If you have worked with or looked at battery systems, you have most likely heard of a battery management system or BMS. The term BMS refers to a wide variety of electronic devices that monitor and protect the battery in some way.
Many systems use batteries for power backup, spanning from several hundred watts for short-term desktop-PC backup, to thousands of watts for specialty vehicles, up to hundreds of kilowatts for grid-scale telecom and data-center backup.
Nuvation Energy announces that their new 11-60 VDC battery management system for applications such as commercial and residential behind-the-meter energy storage, telecom/datacom backup systems, and specialty vehicles begins shipping.
Nuvation launches new brand providing electronic hardware and software solutions for large-scale battery energy storage. We bring over 20 years of power engineering design experience to the industry as well as a field-deployed 4th generation BMS.
Stalwart Power selected Nuvation Energy's BMS to manage their Battery Energy Storage Solution (BESS) for grid-attached and behind-the-meter energy management. Nuvation's BMS was selected due to its design for utility-scale applications.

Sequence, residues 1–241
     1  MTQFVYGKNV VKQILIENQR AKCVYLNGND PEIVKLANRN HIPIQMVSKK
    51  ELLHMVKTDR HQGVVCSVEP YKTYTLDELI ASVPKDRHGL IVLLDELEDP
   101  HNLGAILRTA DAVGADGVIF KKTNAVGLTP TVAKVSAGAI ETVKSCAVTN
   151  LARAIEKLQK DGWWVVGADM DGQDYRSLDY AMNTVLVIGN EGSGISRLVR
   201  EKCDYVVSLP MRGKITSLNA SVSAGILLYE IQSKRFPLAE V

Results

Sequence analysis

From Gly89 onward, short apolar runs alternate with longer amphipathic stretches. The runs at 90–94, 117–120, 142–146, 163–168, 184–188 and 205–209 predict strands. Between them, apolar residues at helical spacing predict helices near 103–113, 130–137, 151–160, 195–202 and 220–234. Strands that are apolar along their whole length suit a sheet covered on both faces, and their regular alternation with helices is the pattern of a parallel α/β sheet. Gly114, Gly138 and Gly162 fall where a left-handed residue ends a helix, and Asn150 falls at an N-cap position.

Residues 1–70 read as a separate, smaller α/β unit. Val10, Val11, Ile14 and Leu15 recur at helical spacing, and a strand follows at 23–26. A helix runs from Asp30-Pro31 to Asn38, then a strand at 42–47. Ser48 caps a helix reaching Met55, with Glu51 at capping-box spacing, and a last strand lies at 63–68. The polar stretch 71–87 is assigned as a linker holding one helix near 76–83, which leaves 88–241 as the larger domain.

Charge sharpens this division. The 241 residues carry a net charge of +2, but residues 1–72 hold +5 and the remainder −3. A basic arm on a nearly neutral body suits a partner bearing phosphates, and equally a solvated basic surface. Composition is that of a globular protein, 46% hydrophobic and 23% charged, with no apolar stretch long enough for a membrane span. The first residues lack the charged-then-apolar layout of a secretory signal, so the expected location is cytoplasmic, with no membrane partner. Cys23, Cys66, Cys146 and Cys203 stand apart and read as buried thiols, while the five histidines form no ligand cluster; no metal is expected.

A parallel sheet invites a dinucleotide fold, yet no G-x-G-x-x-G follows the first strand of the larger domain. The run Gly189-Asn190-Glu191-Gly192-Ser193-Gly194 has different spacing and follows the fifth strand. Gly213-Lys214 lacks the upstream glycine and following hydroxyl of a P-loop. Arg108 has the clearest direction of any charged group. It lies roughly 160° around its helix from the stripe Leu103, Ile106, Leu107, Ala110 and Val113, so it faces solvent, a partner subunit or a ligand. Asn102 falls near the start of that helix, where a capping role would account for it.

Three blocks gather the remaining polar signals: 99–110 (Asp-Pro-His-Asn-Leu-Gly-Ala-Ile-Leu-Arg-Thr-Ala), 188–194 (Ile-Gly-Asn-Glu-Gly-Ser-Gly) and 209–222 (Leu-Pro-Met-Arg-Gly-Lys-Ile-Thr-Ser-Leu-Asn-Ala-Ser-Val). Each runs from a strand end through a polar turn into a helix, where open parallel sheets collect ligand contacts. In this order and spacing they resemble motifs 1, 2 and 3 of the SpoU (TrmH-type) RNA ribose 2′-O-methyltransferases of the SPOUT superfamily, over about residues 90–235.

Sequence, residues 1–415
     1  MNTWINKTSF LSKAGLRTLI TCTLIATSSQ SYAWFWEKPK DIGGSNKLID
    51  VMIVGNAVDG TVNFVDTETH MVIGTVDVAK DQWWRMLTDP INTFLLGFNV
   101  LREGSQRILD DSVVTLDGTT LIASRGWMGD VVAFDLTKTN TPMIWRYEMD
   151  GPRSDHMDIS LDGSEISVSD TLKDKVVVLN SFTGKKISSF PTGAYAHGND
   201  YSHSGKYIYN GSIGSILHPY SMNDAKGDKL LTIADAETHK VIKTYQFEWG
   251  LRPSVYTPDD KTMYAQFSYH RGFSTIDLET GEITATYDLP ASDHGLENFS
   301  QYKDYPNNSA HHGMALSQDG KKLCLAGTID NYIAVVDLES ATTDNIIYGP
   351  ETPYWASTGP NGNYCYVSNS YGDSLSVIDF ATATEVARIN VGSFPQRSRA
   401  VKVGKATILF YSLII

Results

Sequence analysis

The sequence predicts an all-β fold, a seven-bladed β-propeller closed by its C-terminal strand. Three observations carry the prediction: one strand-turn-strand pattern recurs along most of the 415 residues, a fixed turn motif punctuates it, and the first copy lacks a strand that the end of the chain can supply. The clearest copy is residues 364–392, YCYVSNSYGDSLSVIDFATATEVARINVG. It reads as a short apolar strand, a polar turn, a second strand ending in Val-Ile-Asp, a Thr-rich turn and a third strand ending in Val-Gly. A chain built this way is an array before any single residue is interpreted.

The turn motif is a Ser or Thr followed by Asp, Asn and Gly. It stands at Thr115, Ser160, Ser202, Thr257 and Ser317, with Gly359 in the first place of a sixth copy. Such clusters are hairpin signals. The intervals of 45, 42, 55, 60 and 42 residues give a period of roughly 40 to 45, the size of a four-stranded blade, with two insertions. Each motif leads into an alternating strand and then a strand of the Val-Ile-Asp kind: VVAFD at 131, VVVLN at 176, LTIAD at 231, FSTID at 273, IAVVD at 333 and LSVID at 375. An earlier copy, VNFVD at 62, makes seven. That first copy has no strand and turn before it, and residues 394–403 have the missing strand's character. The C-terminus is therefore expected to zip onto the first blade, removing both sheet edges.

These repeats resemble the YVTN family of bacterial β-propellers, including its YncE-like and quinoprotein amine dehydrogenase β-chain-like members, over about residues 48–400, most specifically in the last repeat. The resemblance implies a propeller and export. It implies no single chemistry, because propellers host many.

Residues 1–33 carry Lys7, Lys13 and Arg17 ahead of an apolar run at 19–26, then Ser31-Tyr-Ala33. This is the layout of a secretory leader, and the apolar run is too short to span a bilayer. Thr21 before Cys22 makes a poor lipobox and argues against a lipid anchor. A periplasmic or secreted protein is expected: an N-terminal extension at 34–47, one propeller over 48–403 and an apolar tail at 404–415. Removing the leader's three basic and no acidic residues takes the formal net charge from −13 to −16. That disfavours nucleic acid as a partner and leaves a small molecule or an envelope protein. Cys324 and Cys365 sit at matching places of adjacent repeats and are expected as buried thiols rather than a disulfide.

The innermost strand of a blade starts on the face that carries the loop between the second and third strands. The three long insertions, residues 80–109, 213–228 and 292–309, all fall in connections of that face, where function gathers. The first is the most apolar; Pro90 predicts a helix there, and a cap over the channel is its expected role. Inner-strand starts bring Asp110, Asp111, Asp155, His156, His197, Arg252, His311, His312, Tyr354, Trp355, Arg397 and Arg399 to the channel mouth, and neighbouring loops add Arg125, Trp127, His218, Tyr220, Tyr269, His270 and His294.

Alevo selected Nuvation Energy's battery management system to manage their lithium-ion based GridBank containerized energy storage systems. Alevo’s deployment will provide more than 200MW of available power to utility grids.
What makes an ideal battery management system? The first thing is safety. There are many videos and articles out there that show lithium-based batteries venting and/or bursting into flames when pushed past their operating limits.
“Nuvation BMS can now be integrated with any other MESA-conformant energy storage hardware or software without the custom middleware often required to enable different companies’ products to work together."
When designing a BMS, our goal was to create a set of modules that could be connected to the battery pack in different configurations to support a wide range of battery topologies with different chemistries, voltages, and capacities.